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Dangerfield v. Unknown

United States District Court, E.D. California

May 9, 2017

LONNIE DANGERFIELD, Plaintiff,
v.
UNKNOWN, Defendant.

          ORDER DISMISSING FIRST AMENDED COMPLAINT WITH PREJUDICE (DOC. 17) ORDER DIRECTING CLERK'S OFFICE TO CLOSE CASE

          JENNIFER L. THURSTON UNITED STATES MAGISTRATE JUDGE

         In this action, Plaintiff alleges that Officer Bradshaw violated his right to be free from cruel and unusual punishment by neglecting to secure his wheelchair in the transport van, which allowed Plaintiff to be injured when his wheelchair came loose and he was thrown around the back of the van. These allegations are not cognizable under 42 U.S.C. § 1983 as a violation of Plaintiff's federal rights which requires the action to be DISMISSED with prejudice.

         A. Screening Requirement

         The Court is required to screen complaints brought by prisoners seeking relief against a governmental entity or officer or employee of a governmental entity. 28 U.S.C. § 1915A(a). The Court must dismiss a complaint or portion thereof if the prisoner has raised claims that are legally frivolous, malicious, fail to state a claim upon which relief may be granted, or that seek monetary relief from a defendant who is immune from such relief. 28 U.S.C. § 1915A(b)(1), (2); 28 U.S.C. § 1915(e)(2)(B)(i)-(iii). If an action is dismissed on one of these three basis, a strike is imposed per 28 U.S.C. § 1915(g). An inmate who has had three or more prior actions or appeals dismissed as frivolous, malicious, or for failure to state a claim upon which relief may be granted, and has not alleged imminent danger of serious physical injury does not qualify to proceed in forma pauperis. See 28 U.S.C. § 1915(g); Richey v. Dahne, 807 F.3d 1201, 1208 (9th Cir. 2015).

         B. Summary of Allegations

         Plaintiff, a double amputee, alleges that, on September 16, 2015, Officer Bradshaw neglected his duty to properly secure his wheelchair in the back of the transport van on his return from Mercy Hospital. (Doc. 17, p. 4.) As a result, Plaintiff alleges that his wheelchair came loose and he was thrown around the back of the van and received a head injury. (Id.)

         These allegations may state a claim for negligence under California law.[1] However, despite having been provided the legal standards for a claim under the Eighth Amendment in the prior screening order, (see Doc. 16), Plaintiff's allegations do not suffice to state a cognizable claim for violation of Plaintiff's civil rights under 42 U.S.C. § 1983 and are DISMISSED with prejudice.

         C. Plaintiff's Claim for Relief

         1. Eighth Amendment - Safety

         Though Plaintiff did not identify which of his civil rights he felt were violated in this incident, the Eighth Amendment appears most applicable. "The treatment a prisoner receives in prison and the conditions under which he is confined are subject to scrutiny under the Eighth Amendment." Farmer v. Brennan, 511 U.S. 825, 832 (1994) (citing Helling v. McKinney, 509 U.S. 25, 31 (1993)). Prison officials have a duty "to take reasonable measures to guarantee the safety of inmates, which has been interpreted to include a duty to protect prisoners." Labatad v. Corrections Corp. of America, 714 F.3d 1155, 1160 (citing Farmer, 511 U.S. at 832-33; Hearns v. Terhune, 413 F.3d 1036, 1040 (9th Cir. 2005)).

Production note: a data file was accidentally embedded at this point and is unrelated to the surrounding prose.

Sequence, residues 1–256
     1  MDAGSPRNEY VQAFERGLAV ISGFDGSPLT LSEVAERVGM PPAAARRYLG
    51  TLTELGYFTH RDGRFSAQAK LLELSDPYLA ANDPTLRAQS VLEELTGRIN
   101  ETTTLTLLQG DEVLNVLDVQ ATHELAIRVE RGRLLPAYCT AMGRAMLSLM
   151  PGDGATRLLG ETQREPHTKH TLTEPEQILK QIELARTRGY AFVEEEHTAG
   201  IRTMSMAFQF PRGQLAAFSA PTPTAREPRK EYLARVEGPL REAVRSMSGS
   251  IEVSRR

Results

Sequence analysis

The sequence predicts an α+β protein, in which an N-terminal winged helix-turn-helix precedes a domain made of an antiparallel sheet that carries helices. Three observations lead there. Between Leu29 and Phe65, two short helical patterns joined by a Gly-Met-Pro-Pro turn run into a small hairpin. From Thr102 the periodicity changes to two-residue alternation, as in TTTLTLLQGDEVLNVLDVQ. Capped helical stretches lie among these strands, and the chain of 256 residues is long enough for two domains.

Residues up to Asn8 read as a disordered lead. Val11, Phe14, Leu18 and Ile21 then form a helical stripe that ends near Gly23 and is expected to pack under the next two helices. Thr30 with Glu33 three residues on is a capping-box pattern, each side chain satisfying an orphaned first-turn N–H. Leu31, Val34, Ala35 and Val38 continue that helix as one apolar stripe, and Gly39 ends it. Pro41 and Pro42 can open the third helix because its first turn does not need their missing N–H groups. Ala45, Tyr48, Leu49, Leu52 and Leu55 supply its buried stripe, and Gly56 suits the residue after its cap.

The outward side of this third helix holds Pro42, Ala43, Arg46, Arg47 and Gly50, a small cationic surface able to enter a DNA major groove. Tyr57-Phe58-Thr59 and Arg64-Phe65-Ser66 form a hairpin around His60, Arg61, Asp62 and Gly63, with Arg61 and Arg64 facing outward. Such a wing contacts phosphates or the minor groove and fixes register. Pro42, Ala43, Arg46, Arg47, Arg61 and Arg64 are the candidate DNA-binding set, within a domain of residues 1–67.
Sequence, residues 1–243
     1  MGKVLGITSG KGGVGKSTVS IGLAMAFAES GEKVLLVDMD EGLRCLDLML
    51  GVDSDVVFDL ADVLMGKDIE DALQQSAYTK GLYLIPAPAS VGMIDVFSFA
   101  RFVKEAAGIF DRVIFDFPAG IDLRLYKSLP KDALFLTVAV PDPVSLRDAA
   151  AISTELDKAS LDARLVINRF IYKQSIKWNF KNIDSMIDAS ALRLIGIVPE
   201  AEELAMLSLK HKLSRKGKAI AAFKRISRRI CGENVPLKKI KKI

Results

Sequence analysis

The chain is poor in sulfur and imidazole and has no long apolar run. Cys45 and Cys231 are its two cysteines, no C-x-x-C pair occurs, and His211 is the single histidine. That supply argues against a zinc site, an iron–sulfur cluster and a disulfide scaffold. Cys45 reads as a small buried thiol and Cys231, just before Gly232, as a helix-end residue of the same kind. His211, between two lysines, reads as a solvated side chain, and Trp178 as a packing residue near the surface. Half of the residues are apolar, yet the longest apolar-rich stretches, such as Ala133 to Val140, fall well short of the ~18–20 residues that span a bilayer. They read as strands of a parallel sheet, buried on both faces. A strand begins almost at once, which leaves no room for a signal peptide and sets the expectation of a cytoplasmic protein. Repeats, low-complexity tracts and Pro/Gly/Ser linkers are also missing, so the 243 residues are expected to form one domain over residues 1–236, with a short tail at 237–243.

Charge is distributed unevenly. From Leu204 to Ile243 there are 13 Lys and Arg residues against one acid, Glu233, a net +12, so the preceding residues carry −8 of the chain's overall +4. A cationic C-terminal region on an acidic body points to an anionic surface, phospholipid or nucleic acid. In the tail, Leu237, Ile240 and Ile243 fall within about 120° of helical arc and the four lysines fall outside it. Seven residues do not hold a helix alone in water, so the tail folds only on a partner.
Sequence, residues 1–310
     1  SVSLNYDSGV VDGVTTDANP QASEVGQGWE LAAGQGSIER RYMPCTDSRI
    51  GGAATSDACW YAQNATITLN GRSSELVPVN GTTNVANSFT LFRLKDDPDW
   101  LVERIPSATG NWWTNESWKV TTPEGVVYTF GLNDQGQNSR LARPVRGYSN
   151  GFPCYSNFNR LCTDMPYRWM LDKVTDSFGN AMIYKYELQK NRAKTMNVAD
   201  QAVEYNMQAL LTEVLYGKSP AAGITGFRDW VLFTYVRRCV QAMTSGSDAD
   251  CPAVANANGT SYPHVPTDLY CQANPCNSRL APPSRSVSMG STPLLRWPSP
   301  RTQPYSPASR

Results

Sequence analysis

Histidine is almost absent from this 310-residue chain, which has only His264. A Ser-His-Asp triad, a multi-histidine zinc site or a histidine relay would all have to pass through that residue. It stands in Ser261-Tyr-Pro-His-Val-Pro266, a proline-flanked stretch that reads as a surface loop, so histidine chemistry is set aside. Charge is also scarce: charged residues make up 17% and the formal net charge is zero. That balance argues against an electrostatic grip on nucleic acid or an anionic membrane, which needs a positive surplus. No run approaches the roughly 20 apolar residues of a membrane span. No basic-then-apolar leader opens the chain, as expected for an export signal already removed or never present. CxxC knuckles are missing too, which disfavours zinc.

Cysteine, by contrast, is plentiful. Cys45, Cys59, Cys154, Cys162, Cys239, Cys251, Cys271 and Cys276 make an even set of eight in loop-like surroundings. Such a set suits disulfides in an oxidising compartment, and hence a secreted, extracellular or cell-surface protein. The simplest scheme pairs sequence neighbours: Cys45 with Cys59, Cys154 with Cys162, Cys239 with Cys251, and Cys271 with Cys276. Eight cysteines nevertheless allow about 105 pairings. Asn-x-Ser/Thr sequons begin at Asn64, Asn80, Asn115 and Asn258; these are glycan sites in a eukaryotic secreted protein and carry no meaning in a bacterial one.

To establish a violation of this duty, the prisoner must "show that the officials acted with deliberate indifference to threat of serious harm or injury to an inmate." Labatad, at 1160 (citing Gibson v. County of Washoe, 290 F.3d 1175, 1187 (9th Cir. 2002). This involves both objective and subjective components.

         First, objectively, the alleged deprivation must be "sufficiently serious" and where a failure to prevent harm is alleged, "the inmate must show that he is incarcerated under conditions posing a substantial risk of serious harm." Id. at 834, quoting Rhodes v. Chapman, 452 U.S. 337, 349, 101 S.Ct. 2392 (1981). Not properly securing a wheelchair bound inmate's wheelchair in a van during transport suffices as a sufficiently serious situation which can pose a substantial risk of serious harm.

         However, Plaintiff's allegations do not meet the second, subjective requirement of showing that Officer Bradshaw knew “of and disregard an excessive risk” to Plaintiff's safety. Id. at 837; Anderson v. County of Kern, 45 F.3d 1310, 1313 (9th Cir. 1995). A prison official must "be aware of facts from which the inference could be drawn that a substantial risk of serious harm exists, and . . . must also draw the inference." Farmer, 511 U.S. at 837. Liability may follow only if a prison official "knows that inmates face a substantial risk of serious harm and disregards that risk by failing to take reasonable measures to abate it." Id. at 847.

         Plaintiff's allegations do not show that Officer Bradshaw was deliberately indifferent to the risk of harm to Plaintiff when he failed to properly secure Plaintiff's wheelchair in the back of the transport van. At most, Plaintiff's allegations of Officer Bradshaw's actions amount to negligence. Indeed, Plaintiff admits that Officer Bradshaw “neglected” his duty to properly secure his wheelchair. (Doc. 17, p. 4.) Mere negligence will not support a cause of action under the Eighth Amendment. See Broughton v. Cutter Laboratories, 622 F.2d 458, 460 (9th Cir.1980) (citing Estelle, 429 U.S. ...


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